In yet another embodiment, in order to efficiently assign different parameters to different block or WL indexes, these block or WL indexes are grouped together. A large number of WL indexes or blocks can be linked to each group. As a result, a total number of parameters to be stored in the flash device can be significantly reduced. One of the methods to allocate a (tag) group number for each WL index is to maintain a fixed size table in which every entry in the table corresponds to a set of flash parameters best suited to operate the members in the group.

The tagging operation (deciding which WLs point to which group) to determine the set of memory operating parameters per WL (or block) can include first identifying what is are the substantially most effective or optimal set for each WL/block. This optimal set can be compared to the fixed set of options set aside in the table. The tagging can point each group to the option in the fixed set which is closest (according to whatever criteria is defined) to the acquired optimal set of memory operating parameters. The size of each entry in the fixed set (allocated for the flash parameters) and the number of entries in that set can be designed for reduction of a largest distance between a desired set of memory operating parameters and the set of memory operating parameters in the chosen entry.

This method for tagging can be particularly suitable when the number of options for selecting the flash parameter is small and the parameter value is known before parameter acquisition is made. Furthermore, the number of bits required to store each option is large and hence a fixed table provides for significant gain in terms of the amount of side information stored in the flash memory for operation. One example of such a parameter is the programming step size.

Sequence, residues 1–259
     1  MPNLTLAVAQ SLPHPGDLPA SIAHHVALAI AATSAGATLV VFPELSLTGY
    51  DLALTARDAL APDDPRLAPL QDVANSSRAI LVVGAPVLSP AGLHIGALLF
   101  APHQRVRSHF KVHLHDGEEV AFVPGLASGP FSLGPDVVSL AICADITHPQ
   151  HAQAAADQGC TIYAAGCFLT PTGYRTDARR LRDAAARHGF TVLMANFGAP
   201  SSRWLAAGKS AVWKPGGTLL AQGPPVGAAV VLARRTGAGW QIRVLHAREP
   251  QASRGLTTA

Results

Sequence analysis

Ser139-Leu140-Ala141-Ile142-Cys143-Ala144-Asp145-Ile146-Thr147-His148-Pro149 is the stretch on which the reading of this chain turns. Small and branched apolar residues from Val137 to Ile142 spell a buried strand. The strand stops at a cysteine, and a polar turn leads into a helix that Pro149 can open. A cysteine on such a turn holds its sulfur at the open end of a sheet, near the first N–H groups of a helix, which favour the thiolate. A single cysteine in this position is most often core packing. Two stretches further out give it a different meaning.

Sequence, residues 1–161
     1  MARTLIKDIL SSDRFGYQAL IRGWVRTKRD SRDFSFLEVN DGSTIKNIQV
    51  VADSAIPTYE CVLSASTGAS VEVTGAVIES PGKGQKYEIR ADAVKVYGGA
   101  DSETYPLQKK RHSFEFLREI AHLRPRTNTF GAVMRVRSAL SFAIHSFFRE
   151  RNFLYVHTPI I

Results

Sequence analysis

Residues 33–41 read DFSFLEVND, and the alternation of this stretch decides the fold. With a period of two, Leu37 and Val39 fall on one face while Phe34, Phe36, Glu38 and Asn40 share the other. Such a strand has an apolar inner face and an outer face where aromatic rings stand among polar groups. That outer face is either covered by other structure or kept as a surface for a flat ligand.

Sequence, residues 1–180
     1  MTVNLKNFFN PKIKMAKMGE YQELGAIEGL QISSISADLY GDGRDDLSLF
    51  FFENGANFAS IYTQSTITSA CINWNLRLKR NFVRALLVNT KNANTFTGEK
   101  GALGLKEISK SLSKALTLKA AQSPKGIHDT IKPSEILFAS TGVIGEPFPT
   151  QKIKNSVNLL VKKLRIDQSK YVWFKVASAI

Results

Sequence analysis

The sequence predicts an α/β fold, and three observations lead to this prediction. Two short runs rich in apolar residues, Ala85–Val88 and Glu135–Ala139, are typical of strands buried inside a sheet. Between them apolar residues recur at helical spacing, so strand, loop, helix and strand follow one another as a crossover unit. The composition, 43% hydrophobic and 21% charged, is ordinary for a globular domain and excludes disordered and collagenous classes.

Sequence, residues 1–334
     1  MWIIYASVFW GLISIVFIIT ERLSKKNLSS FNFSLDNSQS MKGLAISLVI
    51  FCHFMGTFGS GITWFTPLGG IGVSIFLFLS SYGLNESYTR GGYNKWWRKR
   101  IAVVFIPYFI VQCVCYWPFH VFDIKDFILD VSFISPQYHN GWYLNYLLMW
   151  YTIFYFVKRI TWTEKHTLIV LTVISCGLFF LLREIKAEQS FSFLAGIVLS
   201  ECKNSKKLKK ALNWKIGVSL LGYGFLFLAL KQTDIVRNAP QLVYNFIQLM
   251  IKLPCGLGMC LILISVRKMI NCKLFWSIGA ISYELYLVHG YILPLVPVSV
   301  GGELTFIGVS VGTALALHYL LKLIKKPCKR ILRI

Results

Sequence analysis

Another example for the flash parameter computed differently according to WL index or block number is the CCC (Cross Coupling Coefficients). The CCC can be computed for each WL index during production because the CCC typically does not change over the lifetime of the device and has one or more values that are dependent on the physical location of the WL in the device e.g. the WL index.

In this case, the classification (tagging) of the proper set of coefficients represented by each entry in the fixed table may be performed such that for each entry in the table of CCC (there could be several coefficients in each entry corresponding to a number of neighbors for each cell) the average standard deviation of the CVD (Cell Voltage Distribution) of all states is obtained.

This CVD can be obtained by employing the CCC in the entry during read operation of the particular WL. This read operation may be performed immediately after programming the WL, or after programming one or more additional WLs, such that the programmed data is known. A table entry that results in a smallest of the average standard deviation values may be chosen.